540 CC aillord =e ce 18.00 Recon 16, 330. 00 1-23-22 
541 Guuilfordies 22. 202 4.31 Bit. Mac. 130, 780. 00 8-21-24 
544 HGKG 26 Ci Ga at 10. 45 reer 40,610.00 5—3- 23 
545 TOK esos es ok 9.15 ES 60, 330. 00 7—7-23 
546 Oe 0. 84 S. A. 15, 950. 00 5-30-23 
555 Montgomery------ 20. 55 oes 125, 630. 00 7-19-24 
556 Montgomery _-_---- 3.07 ASG: 829120 00 lance oat 
556B | Montgomery-__-__-_- 3.28 es: 19, 220. 00 7-28-24 
557 Montgomery ------ 2.01 Ben 69, 500. 00 10-14-24 
566 IMGOre Seek eae 7.14 Se 72, 150. 00 6-30-23 
567 WEOOMess a. -- ode 2.96 fo 10, 820. 00 9-18-22 
568 Moore lc. .sole 4.96 Graded 15, 650. O0eieeeee 8, 
569 IWiaGreneste een ca. 18.97 Sak 107, 070. 00 10-28-23 
571 Moores: oss ts. 4,94 Sr we 89, 850. 00 7-26-24 
577 Randolphe--= 2. 5- 13. 36 Cone. 423, 250. 00 2-14-24 
578 Randolphes> <2. Fendi Pee 312, 660. 00 10—3-24 
582 | Randolph_____._- 16/60 1 -T. & BS. 000. 00 joe re 
583 Randolpho. .222.- Oso ibseisk 3, 680. 00 2-24-24 
588 Rockingham__-_--_-_- 7.98 Rees 266, 520.00 38—4-24 
589 Rockingham. - ____ 9.81 Pee 437, 890. 00 11- 10-24 
590 Rockingham __--_- 3.10 Conc. 98, 370. 00 2—7-24 
592 Rockingham __--_-_- 8.22 PEC: 310, 100.00 12—1-—24 
593 Rock’gham-Caswell| 17.98 P.-C. 511, 670.00 8-18-23 
600 Mlexander-sece oe 9.30 Graded 17, 760. 00 4-14-23 
601 Alexander_____-_-- 3.07 eS: 36, 590. 00 3-31-23 
602 Wiexander Sse so. 9.28 | Bit. Mac 189, 330. 00 11-15-23 
606 Stanly-Anson..__-|.------- Bridge 61, 640. 00 6—6-23 
607 PATS ODIs oa Yee es 6.93 fish 48, 940. 00 5- 17-23 
608 ANSOT == ee «seme. 7.85 AEAGs 361, 020.00 6-30-24 
SOS. | Anson ee 3.83 Graded Shr oo Voneerer tc. ok 
614 Cabarrus== sae 9.20 Pan: 354, 080.00 5-22-24 
615 Cabarrus== pea. 3.88 rer Acs(S: 125, 980. 00 6—1-23 
Plorer te aberrs—- o2 epee Graded 3, 080. 00 3-22-24 
616 @abarrmisula ses see 8.59 (ee aee P20 2202 On| emer 
622 @apawhdaee se ee 10. 85 A. C, 342, 120. 00 5-25-23 
629 Catawba. .__---_- 7.52 PaA@: 258, 660.00 8—4-24 
Ge0ne.| Ganton 2200052 3.02 ANC: 100, 190. 00 T= -=22, 
630B | Gaston_.____----- 6. 65 yh 221, 720.00 3—8- 24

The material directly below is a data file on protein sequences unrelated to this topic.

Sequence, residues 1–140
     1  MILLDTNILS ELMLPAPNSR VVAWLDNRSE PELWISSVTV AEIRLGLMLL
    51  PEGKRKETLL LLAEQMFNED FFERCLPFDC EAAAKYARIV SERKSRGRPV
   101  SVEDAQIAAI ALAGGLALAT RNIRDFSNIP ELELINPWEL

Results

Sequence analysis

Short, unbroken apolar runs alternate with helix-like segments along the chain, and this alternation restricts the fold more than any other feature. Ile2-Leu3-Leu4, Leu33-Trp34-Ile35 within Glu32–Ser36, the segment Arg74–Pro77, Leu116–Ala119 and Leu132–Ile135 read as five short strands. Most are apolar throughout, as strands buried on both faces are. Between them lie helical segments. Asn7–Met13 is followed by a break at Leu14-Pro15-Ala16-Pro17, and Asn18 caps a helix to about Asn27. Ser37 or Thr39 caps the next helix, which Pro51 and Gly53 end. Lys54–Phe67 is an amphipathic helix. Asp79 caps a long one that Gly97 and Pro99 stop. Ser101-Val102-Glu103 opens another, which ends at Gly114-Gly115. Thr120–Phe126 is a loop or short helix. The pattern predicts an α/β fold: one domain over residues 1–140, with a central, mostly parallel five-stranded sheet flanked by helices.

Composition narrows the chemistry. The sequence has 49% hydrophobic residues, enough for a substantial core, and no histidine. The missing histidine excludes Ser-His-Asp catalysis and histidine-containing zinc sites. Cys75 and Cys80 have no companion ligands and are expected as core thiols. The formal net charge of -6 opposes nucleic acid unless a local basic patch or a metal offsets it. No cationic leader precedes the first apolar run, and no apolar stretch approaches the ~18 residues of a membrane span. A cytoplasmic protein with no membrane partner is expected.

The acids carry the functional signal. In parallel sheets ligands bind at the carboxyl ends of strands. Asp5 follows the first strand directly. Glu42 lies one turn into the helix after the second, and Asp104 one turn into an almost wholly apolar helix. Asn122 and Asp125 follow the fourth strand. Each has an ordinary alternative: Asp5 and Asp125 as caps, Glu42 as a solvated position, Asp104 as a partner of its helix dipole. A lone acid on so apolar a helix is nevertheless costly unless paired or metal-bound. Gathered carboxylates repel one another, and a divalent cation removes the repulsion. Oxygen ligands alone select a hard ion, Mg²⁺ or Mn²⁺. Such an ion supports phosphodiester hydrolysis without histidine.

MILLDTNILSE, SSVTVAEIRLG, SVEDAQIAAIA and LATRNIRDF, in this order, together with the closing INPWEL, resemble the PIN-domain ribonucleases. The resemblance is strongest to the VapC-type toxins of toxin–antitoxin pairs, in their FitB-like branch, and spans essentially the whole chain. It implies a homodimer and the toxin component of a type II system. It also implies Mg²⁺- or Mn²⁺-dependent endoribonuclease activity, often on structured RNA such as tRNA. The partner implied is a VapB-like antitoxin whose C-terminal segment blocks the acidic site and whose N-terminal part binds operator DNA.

6380B Eat) Gaston. 2--=2--- 0.95 AT hs 36, 940. 00 3—8- 24 
632 Gaston 22 2s ae 8. 50 ee Oe 291, 450. 00 1—9- 24 
H35Aes| Gaston 2. = ssae= - 7.67 A. C. 180, 000. 00 10—5- 22 
Goslss | Gaston se eu ae 3.86 A. CG. 68, 000. 00 10-14-23 
634 CesetOU tarts Uo Bridge | Recon. 4, 350. 00 10-16-22 
638 predelhe a> Soe oe 7.88 A. C. 287, 930. 00 1-20-23 
639 Iredell = Ss. 22s 10. 59 A. C. 428, 120. 00 1- 20-23 
640 Iredell zee s+ 8.17 Bit. Mac. 181, 990.00 11-10-24 
Giles radellaaces ss . 8.04 A. C. B08. 690 OD eb 8 
643 dredellzere oss 28 8.57 75 an GE Bl O16 OO ear Sik 
G4GA See lancolne | 5.5.25. 9.88 Graded £4060. 00) [Sere Ss 
647 Taweoln® os. 2-8. 7.10 Pac. 250, 100.00 7-31-24 
G48 Asse lincolnsas. = See 5.03 Graded St 4 Ue eee o> See 
651 Meek Gaston = 22osieee en. se Bridge AS 78000 Memes ees es 
652 Mecklenburg._..--|--------| Bridge 1, 930. 00 10- 30- 22 
653 Mecklenburg_-_-_--- 8. 84 Ae Ce 304, 250. 00 1- 25-24 
654 ~ | Mecklenburg_----- 10.10 ALC 308, 280. 00 12—4-23 
655 Mecklenburg__--. -- 1.57 Pe Ge 67, 180. 00 7-31-22 
656 Mecklenburg____-- 10.4 Bit. Mac. 6, 300. 00 10-30-22 
657 Mecklenburg. ---- - 13.80 Recon. 16, 560. 00 10-30- 22 


Elliot & Sholes. 

Hedrick Construction Co. 

Nello Teer. 

W. B. Kiker. 

Zeigler & Dalton. 

White & Simpson. 

Jelly Plott 

Town of Lexington. 

Elliot & Sons & Boggs—Austin Bros. Bridge Co. 
Town of Lexington. 

Hagedorn Constr. Co.—Heilig & Sherrill. 
Hagedorn Construction Co.—J. A. Peterson. 
Elliott-Sholes Co. 

L. M. Lowdermilk. 

W. B. Kiker. 

Royer-Ferguson Construction Co. 
Leaksville Lumber Co. 

Hagedorn Construction Co. 

J. M. Gregory. 

Zeigler & Dalton—Kiker & Yount. 

J. L. Brinkley. 

Robt. G. Lassiter & Co. 

Jue E lott: 

Hagedorn Construction Co. 

O. A. Mann & Co.—Chitwood & Carpenter. 
O. A. Mann & Co.—A. W. McClay. 
Dawkins Construction Co. 

Mayfield Construction Co.—F. P. Holder. 
R. G. Lassiter & Co. 

J. F. Mulligan Construction Co. 

Wm. F. Bowe, Jr. 

Gibson Construction Co.—Nello Teer. 

C. K. Teague. 

J. F. Mulligan Construction Co.-E. A. Wood & Co. 
Mayfield Construction Co. 

Wesco Construction Co. 

Royer-Ferguson Co.—J. L. Brinkley. 
Allpart Construction Co. 

Jamison Brothers. 

Nello L. Teer. 


| Cheatwood & Driscoll. 


Cheatwood & Driscoll—Atlantic Bridge Co. 
George R. Martin. 

Zeigler & Dalton—J. L. Brinkley. 

J. A. Kreis. 

Bolton Construction Co. 

Guss Ginn-R. M. Thurmond. 

W. E. Graham. 

Concrete Steel Bridge Co. 

Geer & Wilson—Booz-Lloyd & Co. 
Lampton & Burke—J. A. Peterson. 

Ben F. Teeter—J. A. Peterson. 

A. L. Harris—Oliver & Costello Bros. 
Thompson-Caldwell—Atlantie Bridge Co. 
Lee J. Smith. 

Lee J. Smith—L. M. Lefler & Smith. 
Union Paving Co. 

A. L. Harris—R. M. Thurmond & Co. 

W. F. McCanless. 

W. F. McCanless—Hobbs-Peabody Constr. Co. 
W. F. McCanless. 

Davis-Wilcox Construction Co. 

Gaston County. 

Gaston County. 

State Forces. 

Thomy son-Caldwell Co. 

R. M. Hudson Co.—Luten Bridge Co. 

W. E. Graham. 

Tredell County.